Two very significant things happened in my life in the year 2005.
The first is that I went to the United States of America to participate in my first World Scholar-Athletes games, an assembly of secondary school pupils from over 150 countries in various disciplines of sports coming together to celebrate the true essence of sports – that every participant is a winner.
The second thing is that I turned the soil and laid the foundation stone of SOCA, the Segun Odegbami International College and Sports Academy (originally called The International Sports Academy, TIA).
At the games, there were no individual medals to be won. The teams were set up in a mix of students from different countries interested in a particular sport. The new teams now played against each other in matches that only celebrated participation, teamwork, honesty, good conduct, fair play, friendship and leadership. Individual performances, although well appreciated, were not rewarded with medals or trophies, whilst all the participants were celebrated and given medals common to all.
In addition to the actual, very competitive games there were also very robust intellectual workshops held at intervals during the period with very interesting resource persons across various sectors of human endeavor to pry open interesting global issues.
The conversations were designed to provide invaluable information, to stimulate discussion, interrogate issues, throw light on different perspectives and guide young students on the opportunities available to fully participate in the global games of life, driven by the engine of sports.
Bill Clinton was the keynote speaker on the final day. That was my first close encounter with the former United States president.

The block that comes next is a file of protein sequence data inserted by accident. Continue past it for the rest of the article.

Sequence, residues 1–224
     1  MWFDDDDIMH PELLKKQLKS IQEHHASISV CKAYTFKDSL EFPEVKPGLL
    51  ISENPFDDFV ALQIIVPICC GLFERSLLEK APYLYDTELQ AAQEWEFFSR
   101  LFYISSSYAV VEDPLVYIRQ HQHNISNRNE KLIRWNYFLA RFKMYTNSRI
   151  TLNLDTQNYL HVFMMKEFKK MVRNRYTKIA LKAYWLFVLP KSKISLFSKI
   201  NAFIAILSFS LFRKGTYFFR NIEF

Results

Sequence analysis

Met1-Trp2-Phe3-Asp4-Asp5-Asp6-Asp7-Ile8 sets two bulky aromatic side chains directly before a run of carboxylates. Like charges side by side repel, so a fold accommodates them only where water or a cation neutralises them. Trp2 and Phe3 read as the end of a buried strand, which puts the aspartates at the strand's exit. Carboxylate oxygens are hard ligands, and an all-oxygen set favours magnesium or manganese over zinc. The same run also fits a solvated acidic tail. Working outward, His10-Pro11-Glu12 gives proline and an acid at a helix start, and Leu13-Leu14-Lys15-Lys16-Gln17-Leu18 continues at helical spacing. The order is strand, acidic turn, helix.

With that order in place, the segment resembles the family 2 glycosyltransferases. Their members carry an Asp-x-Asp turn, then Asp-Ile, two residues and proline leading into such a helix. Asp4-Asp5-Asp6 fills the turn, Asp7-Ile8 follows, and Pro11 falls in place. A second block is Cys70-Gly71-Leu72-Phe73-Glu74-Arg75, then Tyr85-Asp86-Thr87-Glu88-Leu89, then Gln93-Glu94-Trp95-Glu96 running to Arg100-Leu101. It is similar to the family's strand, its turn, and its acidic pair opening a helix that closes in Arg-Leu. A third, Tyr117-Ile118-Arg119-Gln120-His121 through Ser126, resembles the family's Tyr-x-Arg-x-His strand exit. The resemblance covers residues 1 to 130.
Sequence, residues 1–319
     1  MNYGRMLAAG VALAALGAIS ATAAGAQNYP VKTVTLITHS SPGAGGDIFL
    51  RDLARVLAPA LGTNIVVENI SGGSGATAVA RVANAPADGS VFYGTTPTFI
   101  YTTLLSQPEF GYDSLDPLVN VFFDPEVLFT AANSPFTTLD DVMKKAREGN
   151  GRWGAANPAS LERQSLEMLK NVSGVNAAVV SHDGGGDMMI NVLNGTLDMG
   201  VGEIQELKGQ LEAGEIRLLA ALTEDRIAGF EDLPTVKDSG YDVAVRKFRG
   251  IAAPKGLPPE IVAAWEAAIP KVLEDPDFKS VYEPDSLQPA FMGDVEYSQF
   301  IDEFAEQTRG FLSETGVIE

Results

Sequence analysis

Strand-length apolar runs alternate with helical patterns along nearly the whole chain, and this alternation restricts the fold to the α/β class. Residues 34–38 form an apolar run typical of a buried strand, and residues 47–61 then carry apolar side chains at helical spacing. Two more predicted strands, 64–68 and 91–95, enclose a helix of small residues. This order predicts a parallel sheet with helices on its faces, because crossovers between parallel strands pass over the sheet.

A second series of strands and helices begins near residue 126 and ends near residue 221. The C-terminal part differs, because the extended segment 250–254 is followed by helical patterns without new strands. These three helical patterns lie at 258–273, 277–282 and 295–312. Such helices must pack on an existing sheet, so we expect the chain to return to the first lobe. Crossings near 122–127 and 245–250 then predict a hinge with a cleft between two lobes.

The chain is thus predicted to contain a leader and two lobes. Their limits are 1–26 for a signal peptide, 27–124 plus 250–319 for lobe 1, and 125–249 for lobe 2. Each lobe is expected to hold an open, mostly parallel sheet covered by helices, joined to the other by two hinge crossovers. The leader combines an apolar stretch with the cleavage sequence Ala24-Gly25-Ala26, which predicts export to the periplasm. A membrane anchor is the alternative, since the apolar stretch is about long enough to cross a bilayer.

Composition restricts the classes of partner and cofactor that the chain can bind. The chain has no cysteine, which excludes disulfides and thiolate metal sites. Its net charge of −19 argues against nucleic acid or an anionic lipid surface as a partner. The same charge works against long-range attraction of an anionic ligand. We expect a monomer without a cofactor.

Along with him, there were several other international scholars and famous athletes that made presentations and had an open house with the global audience of students and all the other participants.
It was an eye-opener for me.
At one of the sessions I listened to Dr. Jubril Diallo, a Senegalese, head of a unit in the United Nations Organisation freshly given the responsibility to introduce sport as a new tool to drive the attainment of aspects of the Millennium Development Goals that had to do with eradicating hunger, illiteracy, poverty, disease, and HIV/AIDS in the world by the year 2015!
During that particular session I saw for the first time, very clearly, how sports could become a very powerful instrument in the globalization of humanity as propounded and presented by President Clinton.
Getting back to Nigeria that year, I set about taking my thoughts and idea about establishing an institution that would make a meaningful, measurable, and effective contribution to attaining those lofty global objectives in my local environment to the realm of actualization.
One year into the project design, at a private conversation with the President of Newberry College, a private university owned by the Presbyterian Church in South Carolina, USA, where my friend, Sam Okpodu, was head coach at the time, I shared my dream. The president wanted to know how much the school project would cost, how I intended to fund it and how I would measure its eventual success.
They were very relevant questions to which I had no easy answer at the time.
I came back to Nigeria and hired some consultants to do a financial projection and plan for the dream school.
One day I went to check up on the consultants as they were working on the figures. I took one glance at the figures they had come up with up till that point, with still some ways to go. I almost fainted in shock.
After that experience I knew that the only way the project would advance beyond that point was for me to never even think of the figures again; about how and where I would raise the funds needed to actualize my dream.
And I never did again. I never went back to the consultants again. Even the initial deposit I paid them was forfeited.